Election night at the Traverse, and the new artistic director of the Lyceum – right next door – is busy pursuing his ambition to make theatre into a public forum for the city, and the nation.
David Greig’s chosen vehicle for this work, since before last year’s UK general election, has been Two Minute Manifesto, an idea he devised along with Green Holyrood candidate Sarah Beattie Smith. They gather an audience somewhere in Scotland, set up a sofa, and embark on 80 minutes or so of art and politics, featuring songs, poetry, policy ideas, and a touch of audience participation.
So on Thursday night, the occupants of the sofa and surrounding chairs were Greig himself as master of ceremonies, theatre directors Orla O’Loughlin of the Traverse and Joe Douglas of Dundee Rep, poet and performer Harry Giles, boss of Amnesty Scotland Naomi McAuliffe, political pundit Chris Silver, and Glasgow-based singer/songsmith Chrissy Barnacle. Barnacle – who obsesses about her private life like an ironic caricature of a millennial kid – opened proceedings by singing a wild and drifty love-song to her own brilliant guitar accompaniment, and then we plunged into a bit of election-night punditry, followed by debate about the two most popular ideas to have emerged from the Two Minute Manifesto (***) process; the winner was the idea of a powerful gender equality bill, to be passed through the next Scottish Parliament.
The evening ended with a Scots poetic address of startling but hilarious obscenity from Harry Giles, in the style of Robert Burns, a crowd-sourced poem inspired by the campaign vision of Ruth Davidson riding on a buffalo, and a final song from Barnacle about how she gave too much of herself, somewhere, somehow. Was it all brilliant? No. Was it enjoyable? Yes. Were Giles and Barnacle fascinating artists? Beyond a doubt. As a template for future civic dialogue at the Lyceum, the Two Minute Manifesto formula perhaps needs some revision, to make it more politically inventive, more inclusive, and less polite. As a starting-point, though, it’s both hopeful and delightful; and makes the average TV studio political discussion look hopelessly rigid and sterile, compared with a context that’s more human, more creative, and so much more fun.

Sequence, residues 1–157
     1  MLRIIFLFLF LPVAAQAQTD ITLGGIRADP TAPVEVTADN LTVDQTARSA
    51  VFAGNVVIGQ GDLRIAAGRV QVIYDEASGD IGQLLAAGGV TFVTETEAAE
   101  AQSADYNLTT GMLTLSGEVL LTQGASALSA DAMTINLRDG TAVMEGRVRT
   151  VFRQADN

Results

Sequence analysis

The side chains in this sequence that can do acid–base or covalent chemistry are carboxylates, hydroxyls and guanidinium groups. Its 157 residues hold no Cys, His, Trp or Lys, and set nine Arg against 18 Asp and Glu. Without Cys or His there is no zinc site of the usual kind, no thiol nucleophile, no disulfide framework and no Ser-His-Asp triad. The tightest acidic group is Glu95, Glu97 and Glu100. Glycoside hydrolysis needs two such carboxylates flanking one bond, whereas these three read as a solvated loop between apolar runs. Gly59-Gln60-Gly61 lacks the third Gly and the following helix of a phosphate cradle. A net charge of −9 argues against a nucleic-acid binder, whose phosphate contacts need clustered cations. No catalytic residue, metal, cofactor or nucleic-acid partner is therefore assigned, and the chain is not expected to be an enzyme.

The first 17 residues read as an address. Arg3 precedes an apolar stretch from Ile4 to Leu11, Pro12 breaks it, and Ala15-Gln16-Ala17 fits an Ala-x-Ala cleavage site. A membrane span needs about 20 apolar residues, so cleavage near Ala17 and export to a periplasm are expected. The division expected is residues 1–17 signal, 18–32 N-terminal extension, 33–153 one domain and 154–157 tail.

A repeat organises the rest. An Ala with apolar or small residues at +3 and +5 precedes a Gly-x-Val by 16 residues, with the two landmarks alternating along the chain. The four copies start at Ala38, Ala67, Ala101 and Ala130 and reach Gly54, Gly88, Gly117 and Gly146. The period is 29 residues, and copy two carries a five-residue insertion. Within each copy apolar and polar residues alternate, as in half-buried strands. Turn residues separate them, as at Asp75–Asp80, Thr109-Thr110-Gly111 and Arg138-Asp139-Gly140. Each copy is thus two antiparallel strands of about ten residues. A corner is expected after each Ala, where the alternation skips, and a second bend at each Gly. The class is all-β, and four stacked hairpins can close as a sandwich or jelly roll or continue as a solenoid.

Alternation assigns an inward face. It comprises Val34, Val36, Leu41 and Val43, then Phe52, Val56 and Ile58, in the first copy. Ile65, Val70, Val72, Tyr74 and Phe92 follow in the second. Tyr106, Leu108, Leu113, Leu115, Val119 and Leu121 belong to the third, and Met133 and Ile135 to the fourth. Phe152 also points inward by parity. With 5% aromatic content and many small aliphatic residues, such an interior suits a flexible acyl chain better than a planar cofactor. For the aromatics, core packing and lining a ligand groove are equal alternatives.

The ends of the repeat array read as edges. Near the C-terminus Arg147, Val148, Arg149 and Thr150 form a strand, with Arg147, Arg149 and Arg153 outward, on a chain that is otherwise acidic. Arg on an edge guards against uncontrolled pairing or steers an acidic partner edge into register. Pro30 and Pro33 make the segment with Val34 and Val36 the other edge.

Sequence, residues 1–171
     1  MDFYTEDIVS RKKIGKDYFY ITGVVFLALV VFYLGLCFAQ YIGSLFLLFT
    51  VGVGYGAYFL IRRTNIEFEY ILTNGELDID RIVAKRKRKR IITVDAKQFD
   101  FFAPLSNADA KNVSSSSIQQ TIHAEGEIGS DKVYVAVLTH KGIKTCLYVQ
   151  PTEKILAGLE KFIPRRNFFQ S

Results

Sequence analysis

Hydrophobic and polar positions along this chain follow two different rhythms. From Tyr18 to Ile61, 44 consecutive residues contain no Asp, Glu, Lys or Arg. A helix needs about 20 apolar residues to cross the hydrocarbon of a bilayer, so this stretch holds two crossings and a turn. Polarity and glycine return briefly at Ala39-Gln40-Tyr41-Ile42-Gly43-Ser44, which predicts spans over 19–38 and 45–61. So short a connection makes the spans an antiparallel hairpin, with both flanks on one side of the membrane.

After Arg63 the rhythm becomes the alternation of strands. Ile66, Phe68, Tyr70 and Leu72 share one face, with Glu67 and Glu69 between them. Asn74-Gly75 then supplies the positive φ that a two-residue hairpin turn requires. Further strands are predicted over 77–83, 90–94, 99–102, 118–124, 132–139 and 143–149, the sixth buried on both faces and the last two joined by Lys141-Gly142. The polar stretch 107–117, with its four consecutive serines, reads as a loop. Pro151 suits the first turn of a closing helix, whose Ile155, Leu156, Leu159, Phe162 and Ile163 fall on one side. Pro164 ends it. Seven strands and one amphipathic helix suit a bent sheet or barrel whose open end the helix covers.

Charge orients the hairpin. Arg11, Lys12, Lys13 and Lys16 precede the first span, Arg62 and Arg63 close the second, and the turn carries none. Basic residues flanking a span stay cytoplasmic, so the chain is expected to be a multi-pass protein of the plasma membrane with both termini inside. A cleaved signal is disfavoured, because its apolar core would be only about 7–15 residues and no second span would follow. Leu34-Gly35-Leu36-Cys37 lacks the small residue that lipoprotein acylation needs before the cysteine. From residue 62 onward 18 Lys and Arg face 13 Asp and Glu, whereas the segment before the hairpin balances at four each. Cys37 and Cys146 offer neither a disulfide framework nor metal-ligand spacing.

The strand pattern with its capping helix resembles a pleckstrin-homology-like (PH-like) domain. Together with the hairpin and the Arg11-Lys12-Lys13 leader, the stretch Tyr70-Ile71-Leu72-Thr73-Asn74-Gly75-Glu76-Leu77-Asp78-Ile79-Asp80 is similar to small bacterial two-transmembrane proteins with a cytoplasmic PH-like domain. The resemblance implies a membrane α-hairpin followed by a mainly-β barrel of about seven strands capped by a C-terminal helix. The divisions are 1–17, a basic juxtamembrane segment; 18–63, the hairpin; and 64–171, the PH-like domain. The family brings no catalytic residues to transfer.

Down in Traverse 2, meanwhile, the Greyscale company of Newcastle and writer-director Selma Dimitrijevic are presenting her fine 2008 play Gods Are Fallen And All Safety Gone (****), first seen at A Play, A Pie And A Pint in Glasgow, and performed then by two female actors, as the mother-daughter dialogue it is. Gods Are Fallen is a strange script, though, written – as Dimitrijevic freely confesses – when her grasp of English was smaller than it is now, and she was obliged to use a very simple vocabulary; and the result is a text so spare that it seems to make space for strange happenings, such as her decision, last year, to have the two characters played by men rather than women.
The result is a taut and heart-wrenching series of repeated mother-daughter encounters, beautifully played without a hint of campery by Joe Caffrey and Max Runham, and watched every night by a different real-life mother and daughter who sit on stage with the actors, like silent witnesses. And the effect is extraordinary, as this muscular script written by a woman is delivered back to watching female eyes by two male actors, who illuminate the truth that this is a profound human story of family bonds lost and rediscovered, as well as a female story, mediated in a uniquely thought-provoking way.
As for Paul Charlton’s Second Hand (***), at A Play, A Pie And A Pint, it’s jolly, slightly sentimental two-hander about an impoverished seventy-something Glaswegian, Jim, who finds his home-cum-failing-antique-shop invaded by a young squatter, Ash. Ash has secretly taken up residence in Jim’s attic after falling out with his family, and the best writing in the play – including some laugh-out-loud one-liners – revolves around the encounter between Ash’s complex mish-mash of politically-correct millennial opinions, and Joe’s brand of 20th century common sense. Finlay McLean is a sympathetic but stereotyped old codger, Cameron Cunningham delivers a delightfully witty and nuanced performance as Ash; and with Elaine Mackenzie Ellis in stalwart support as Jim’s harassed and underpaid care-worker, the play bowls along to a predictable, cheesy conclusion, through a series of moments that are often entertaining, and sometimes touched by a truly satisfying hint of the surreal.
• Gods Are Fallen and Second Hand, final shows today